Inside Heather Brown's Woodstock High School English class, students have stood in front of the class to debate and practice the parliamentary process. In Bethany Hall's math class, students had to present solutions to problems they solved and defend their process and solution to the class.
Speaking in front of other students, and defending answers and positions, is just one of the new requirements of the Common Core standards being implemented by school districts in Illinois.
In 2009, governors and state education commissioners from 48 states, two territories and the District of Columbia committed to developing a common core of English standards and math standards for students in kindergarten through 12th grade.
The Common Core State Standards is a single set of clear standards for students to meet. English and math were developed first because they teach the skills students build upon for other subjects, according to an Illinois PTA information sheet on Common Core.
So far, 45 of the states have adopted the standards.
States are developing the science standards as well, said Jean Bevevino, assistant superintendent of Curriculum, Instruction and Assessment for Crystal Lake School District 47.
"It's all about getting children ready for college and careers of the future," Bevevino said.
The standards set a clear understanding of what has to be learned at each grade level, said Derek Straight, the curriculum director for Johnsburg District 12.
For example, by the end of second grade, students should be able to fluently add and subtract within 20 without using fingers or blocks.
The English standards call for more informational text, or nonfiction, instead of the previous emphasis on literary, or fiction, reading. Adults typically read nonfiction books, such as manuals or technical books, Straight said.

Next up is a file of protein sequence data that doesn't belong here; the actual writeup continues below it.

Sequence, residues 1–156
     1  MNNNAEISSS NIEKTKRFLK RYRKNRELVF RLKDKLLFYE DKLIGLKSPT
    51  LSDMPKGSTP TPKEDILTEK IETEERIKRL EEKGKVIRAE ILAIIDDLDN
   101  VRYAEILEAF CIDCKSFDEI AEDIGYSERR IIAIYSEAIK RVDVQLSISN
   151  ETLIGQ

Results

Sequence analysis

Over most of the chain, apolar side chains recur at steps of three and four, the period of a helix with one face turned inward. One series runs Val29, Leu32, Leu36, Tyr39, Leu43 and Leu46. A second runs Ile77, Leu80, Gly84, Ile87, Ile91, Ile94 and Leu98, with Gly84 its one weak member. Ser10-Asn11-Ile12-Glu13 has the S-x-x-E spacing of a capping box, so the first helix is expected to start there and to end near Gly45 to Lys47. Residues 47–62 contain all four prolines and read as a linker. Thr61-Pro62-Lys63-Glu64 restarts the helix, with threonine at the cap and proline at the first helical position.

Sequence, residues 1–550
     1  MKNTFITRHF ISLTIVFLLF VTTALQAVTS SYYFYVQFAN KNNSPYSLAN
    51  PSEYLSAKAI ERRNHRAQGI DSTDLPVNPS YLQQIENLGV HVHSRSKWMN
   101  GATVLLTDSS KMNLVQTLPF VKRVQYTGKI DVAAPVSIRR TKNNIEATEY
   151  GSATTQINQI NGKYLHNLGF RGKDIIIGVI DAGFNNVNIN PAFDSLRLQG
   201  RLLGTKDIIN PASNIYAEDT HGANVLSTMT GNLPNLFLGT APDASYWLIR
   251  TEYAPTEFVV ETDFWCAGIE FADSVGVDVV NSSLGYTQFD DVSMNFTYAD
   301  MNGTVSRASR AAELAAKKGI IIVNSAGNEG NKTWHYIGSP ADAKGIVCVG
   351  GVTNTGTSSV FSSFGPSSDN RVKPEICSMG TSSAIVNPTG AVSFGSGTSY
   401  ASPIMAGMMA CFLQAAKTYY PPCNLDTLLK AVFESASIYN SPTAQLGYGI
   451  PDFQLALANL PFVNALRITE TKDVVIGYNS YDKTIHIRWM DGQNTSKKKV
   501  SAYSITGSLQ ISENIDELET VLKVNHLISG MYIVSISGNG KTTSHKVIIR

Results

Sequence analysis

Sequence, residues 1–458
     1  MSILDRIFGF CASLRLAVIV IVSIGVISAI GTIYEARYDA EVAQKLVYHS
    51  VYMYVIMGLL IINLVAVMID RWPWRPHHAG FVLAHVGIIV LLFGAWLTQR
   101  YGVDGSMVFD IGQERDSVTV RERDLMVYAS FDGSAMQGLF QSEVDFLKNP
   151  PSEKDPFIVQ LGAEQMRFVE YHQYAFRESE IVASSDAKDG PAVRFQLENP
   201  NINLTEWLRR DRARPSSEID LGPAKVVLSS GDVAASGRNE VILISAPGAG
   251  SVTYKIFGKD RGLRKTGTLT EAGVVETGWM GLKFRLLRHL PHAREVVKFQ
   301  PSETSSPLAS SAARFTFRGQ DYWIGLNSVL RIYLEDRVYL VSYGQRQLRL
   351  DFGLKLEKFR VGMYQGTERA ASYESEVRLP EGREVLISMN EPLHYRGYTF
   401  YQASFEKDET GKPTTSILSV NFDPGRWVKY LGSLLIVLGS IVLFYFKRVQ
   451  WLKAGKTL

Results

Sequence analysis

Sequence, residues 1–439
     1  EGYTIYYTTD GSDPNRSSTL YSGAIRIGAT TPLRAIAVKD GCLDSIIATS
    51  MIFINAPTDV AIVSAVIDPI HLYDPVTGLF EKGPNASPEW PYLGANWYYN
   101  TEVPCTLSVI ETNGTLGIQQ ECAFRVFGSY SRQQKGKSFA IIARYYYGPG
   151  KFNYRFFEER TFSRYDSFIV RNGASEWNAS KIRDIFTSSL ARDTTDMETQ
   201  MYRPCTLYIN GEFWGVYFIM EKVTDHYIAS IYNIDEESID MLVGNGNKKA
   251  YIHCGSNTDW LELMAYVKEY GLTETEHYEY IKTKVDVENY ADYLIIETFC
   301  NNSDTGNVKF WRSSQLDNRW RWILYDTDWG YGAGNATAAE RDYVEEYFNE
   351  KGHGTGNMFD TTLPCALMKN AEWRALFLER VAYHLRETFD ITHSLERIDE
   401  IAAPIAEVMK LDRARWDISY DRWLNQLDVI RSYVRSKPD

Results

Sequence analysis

Previously, through fourth grade there was 75 percent to 80 percent fiction reading, "because we love to read fiction," Straight said.
Now, by fourth grade it will be more of a 50-50 split, and by high school, Common Core calls for 70 percent nonfiction reading.
"This is what kids will be reading when they become adults," Straight said. "It's about being college and career ready."
The standards are about making learning more rigorous and raising the bar for all students, Straight said.
"We want them to learn how to think, we want them to be able to transfer that to a lot of different situations," Straight said.
Common Core also calls for a different teaching style.
The teacher no longer will be the "sage on the stage" standing in front of the classroom with all the answers. Instead a teacher is more of a "guide on the side" facilitating discussion and learning, Straight said.
Previously teachers wanted students to remember, comprehend and have a basic understanding of content. Students need to have already read the material before class and be prepared to discuss it in front of a group.
"Now we want them to analyze, we want them to evaluate, and we want them to create," Straight said.
With 45 states adopting the standards, Common Core helps level the playing field, Straight said. If students move in from other districts, or other states, "we know where they've been and know what they covered," Straight said.
However there is still local control, Straight said. Even though the goals are set, how a school gets there or teaches the standards is up to the individual districts.
Districts have been phasing in these changes and hope to have it all in place by 2014-15, when third- through eighth-grade students stop taking the Illinois Standard Achievement Test they do now and begin taking the Partnership for Assessment of Readiness for College and Careers, or the PARCC assessment, which is aligned to Common Core, said George Oslovich, assistant superintendent for Middle and High School Education for Woodstock District 200.
Common Core calls for more critical thinking, Oslovich said, and instead of teaching a little bit about a lot of topics, schools are going more in-depth on fewer topics.
For example it's not important to know what year Christopher Columbus is credited with discovering America, but rather the implications of doing so.
There is more emphasis on presentations, doing research and arguing points in class; instead of teaching the facts, it's how to get to the facts, Oslovich said.
"It asks kids to think more, support their arguments," Oslovich said.
School districts are in the process of implementing the standards, and in Woodstock, teachers are focusing on changes to classroom instruction.
"We're looking for [students] to do a lot more critical thinking in the classroom, turning away from skill and drill stuff that oftentimes happens, to being able to support and defend answers," Oslovich said.